Page last updated at 12:45 GMT, Tuesday, 16 March 2010

General Fonseka appears before Sri Lanka military court

Sarath Fonseka, 8 February 2010
Gen Fonseka denies any wrongdoing

Sri Lanka's ex-army chief Sarath Fonseka has appeared before a military court on charges of participating in politics while in uniform.

The trial was adjourned after defence objections about the proceedings.

But the defeated presidential candidate is due to return to court on Wednesday on separate charges of violating military procurement procedures.

Gen Fonseka says the charges are politically motivated and an attempt to bar him from forthcoming elections.

Protests against his arrest and court martial have been held in Colombo.

The general was arrested by the army last month. He lost presidential elections to incumbent Mahinda Rajapaksa in January.

Gen Fonseka was in charge of Sri Lanka's army when it defeated the Tamil Tiger rebels last year after more than 25 years of civil war. But he and President Rajapaksa fell out over who should take credit for the victory.

Secret trial

A spokesman for the general said the legal team first objected to the judging panel saying that all three military judges were seen to be biased against Gen Fonseka.

Anoma Fonseka: "He was not a man for injustice".

That objection was overruled. The defence subsequently objected to the legality of the entire trial. Proceedings were then adjourned and the trial is set to resume on 6 April - two days before parliamentary polls

Officials have also accused Gen Fonseka of plotting a coup and the assassination of President Rajapaksa - charges he denies - but those accusations will not feature at the court martial.

Reporters have been barred from the trial. Gen Fonseka's wife, Anoma Fonseka said she did not expect justice from the court martial.

"This must be important for people in authority, but for us this is a joke," she is quoted by AFP news agency as saying.

Charles Haviland
Charles Haviland, BBC News, Colombo

Gen Fonseka is charged with having unauthorised contact with two politicians, engaging in political activities while still in the armed forces, and with uttering disloyal words about President Rajapaksa to one of them.

Sunil Watagala, one of his lawyers, told the BBC that they objected to all three major-generals sitting on the panel - one on the grounds that he is the current army chief's brother-in-law; the other two because they might have specific reasons to harbour animosity against the accused as he disciplined them when army chief.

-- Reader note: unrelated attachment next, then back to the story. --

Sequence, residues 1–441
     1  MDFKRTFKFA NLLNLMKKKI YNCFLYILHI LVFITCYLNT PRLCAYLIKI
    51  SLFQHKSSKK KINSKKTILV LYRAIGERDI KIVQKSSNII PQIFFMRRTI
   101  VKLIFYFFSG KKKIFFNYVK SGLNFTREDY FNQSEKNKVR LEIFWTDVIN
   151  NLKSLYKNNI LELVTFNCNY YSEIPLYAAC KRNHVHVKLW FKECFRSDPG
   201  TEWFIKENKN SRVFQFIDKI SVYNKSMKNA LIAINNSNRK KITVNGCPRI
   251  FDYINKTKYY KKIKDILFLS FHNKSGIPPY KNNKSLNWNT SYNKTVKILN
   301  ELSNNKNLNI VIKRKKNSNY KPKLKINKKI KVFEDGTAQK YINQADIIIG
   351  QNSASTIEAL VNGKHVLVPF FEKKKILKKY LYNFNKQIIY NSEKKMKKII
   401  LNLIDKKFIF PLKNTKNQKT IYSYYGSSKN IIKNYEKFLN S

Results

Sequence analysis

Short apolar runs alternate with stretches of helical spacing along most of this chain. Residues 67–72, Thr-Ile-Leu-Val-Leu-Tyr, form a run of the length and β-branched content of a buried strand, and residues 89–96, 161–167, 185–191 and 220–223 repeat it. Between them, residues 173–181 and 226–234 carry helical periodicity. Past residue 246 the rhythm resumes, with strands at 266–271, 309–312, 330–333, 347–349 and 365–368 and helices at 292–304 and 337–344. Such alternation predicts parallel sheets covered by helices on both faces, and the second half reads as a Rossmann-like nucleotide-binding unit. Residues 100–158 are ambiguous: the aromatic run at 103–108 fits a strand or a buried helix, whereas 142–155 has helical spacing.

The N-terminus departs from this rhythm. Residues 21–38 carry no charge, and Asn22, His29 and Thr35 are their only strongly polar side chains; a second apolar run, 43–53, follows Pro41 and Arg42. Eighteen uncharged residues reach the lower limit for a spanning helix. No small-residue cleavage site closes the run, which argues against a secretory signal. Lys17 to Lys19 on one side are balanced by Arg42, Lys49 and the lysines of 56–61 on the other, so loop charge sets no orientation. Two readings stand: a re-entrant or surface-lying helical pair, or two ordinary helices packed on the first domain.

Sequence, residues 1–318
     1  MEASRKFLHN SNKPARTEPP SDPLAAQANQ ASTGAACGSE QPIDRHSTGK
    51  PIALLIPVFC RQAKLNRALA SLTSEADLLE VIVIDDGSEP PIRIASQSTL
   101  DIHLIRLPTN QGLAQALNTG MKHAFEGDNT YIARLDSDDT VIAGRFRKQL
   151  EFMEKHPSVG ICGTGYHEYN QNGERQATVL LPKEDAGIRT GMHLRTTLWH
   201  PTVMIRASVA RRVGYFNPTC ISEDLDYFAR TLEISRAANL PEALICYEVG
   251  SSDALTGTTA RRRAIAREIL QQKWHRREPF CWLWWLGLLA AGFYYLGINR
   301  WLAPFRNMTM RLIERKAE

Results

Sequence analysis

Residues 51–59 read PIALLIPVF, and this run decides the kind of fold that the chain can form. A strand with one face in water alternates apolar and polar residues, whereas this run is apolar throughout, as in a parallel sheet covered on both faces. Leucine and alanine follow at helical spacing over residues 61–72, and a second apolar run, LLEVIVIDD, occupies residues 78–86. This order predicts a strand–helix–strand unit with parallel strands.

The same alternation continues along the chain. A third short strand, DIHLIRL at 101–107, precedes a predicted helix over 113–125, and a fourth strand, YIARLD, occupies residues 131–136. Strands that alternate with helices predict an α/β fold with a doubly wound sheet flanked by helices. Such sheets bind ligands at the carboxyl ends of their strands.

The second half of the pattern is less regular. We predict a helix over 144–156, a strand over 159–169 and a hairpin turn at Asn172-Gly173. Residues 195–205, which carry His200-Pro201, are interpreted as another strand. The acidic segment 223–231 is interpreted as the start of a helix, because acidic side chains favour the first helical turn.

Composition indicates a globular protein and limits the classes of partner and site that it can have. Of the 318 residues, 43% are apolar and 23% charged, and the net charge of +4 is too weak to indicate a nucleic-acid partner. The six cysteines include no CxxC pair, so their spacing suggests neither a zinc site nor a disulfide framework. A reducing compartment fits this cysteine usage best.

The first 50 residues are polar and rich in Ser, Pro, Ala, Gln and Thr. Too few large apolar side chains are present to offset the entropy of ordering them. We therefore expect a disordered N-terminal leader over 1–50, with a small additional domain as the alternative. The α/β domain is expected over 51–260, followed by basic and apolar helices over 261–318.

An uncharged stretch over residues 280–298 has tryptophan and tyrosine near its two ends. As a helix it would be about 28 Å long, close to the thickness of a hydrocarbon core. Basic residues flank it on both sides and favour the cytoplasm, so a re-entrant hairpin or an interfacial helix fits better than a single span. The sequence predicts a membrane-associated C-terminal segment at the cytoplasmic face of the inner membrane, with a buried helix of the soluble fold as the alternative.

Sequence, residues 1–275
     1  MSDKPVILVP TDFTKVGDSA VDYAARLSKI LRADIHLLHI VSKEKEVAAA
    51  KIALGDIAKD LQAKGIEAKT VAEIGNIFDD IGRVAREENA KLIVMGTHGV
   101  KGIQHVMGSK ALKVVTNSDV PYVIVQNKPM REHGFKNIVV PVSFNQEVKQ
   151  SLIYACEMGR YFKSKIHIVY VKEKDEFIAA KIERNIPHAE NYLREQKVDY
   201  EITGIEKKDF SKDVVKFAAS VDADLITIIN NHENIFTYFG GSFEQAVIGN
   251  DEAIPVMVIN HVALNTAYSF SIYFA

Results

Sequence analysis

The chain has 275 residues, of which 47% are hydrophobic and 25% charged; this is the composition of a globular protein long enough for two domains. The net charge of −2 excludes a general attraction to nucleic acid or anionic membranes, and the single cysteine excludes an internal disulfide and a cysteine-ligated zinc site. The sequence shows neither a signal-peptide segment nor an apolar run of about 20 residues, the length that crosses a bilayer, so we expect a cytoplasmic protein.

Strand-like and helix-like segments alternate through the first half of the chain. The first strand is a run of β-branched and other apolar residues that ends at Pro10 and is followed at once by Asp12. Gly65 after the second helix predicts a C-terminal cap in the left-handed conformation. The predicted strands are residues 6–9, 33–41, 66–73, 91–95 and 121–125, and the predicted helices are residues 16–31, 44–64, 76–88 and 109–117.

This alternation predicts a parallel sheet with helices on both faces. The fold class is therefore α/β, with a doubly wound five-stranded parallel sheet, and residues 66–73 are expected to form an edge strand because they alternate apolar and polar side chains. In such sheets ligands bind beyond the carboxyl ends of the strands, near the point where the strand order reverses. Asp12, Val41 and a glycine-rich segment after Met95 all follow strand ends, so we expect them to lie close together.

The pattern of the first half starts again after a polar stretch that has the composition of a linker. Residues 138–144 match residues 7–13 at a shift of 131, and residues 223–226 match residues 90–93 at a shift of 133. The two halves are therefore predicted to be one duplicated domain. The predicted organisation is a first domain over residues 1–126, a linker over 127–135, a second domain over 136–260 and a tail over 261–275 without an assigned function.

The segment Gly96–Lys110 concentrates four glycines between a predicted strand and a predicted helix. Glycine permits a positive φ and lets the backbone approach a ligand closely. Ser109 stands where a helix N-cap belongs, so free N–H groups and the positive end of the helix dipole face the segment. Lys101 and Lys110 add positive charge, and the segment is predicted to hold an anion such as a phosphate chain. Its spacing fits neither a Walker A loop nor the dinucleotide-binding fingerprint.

The general pleaded not guilty to all charges - but the lawyers objected again, alleging the panel had no legal jurisdiction over Sarath Fonseka because, they said, he was not subject to military law.

The trials are being held at naval headquarters in the capital, where Gen Fonseka is detained.

He is being tried, completely in secret, by a panel of officers junior in rank to himself, the BBC's Charles Haviland reports from Colombo.

Even the wording of the charges has not been made public, our correspondent says, adding that sources say some 35 witnesses are likely to be called and that Gen Fonseka could face up to five years in jail.

Gen Fonseka can have his own lawyers present at the court martial and can appeal to the higher civilian courts if he is found guilty, Sri Lanka's military spokesman has told the BBC.

Court petitions

Sri Lanka's ex-chief justice, Sarath Silva, has said the court martial is unconstitutional as Gen Fonseka, in his view, is not subject to military law.

Gen Fonseka would have to be tried in a civilian court, he said. There are a number of other court proceedings outstanding.

His supporters have filed a petition with Sri Lanka's Supreme Court arguing that his detention is illegal and that a whole series of his rights are being infringed. But the Supreme Court will not reconvene on this matter until 26 April.

His lawyer also says the Court of Appeal will this Friday hear a habeas corpus petition, lodged by his supporters with the claim that he is not subject to military law.

Ahead of the court martial, Gen Fonseka's Democratic National Alliance party said he would not co-operate with the proceedings, AFP news agency reported.

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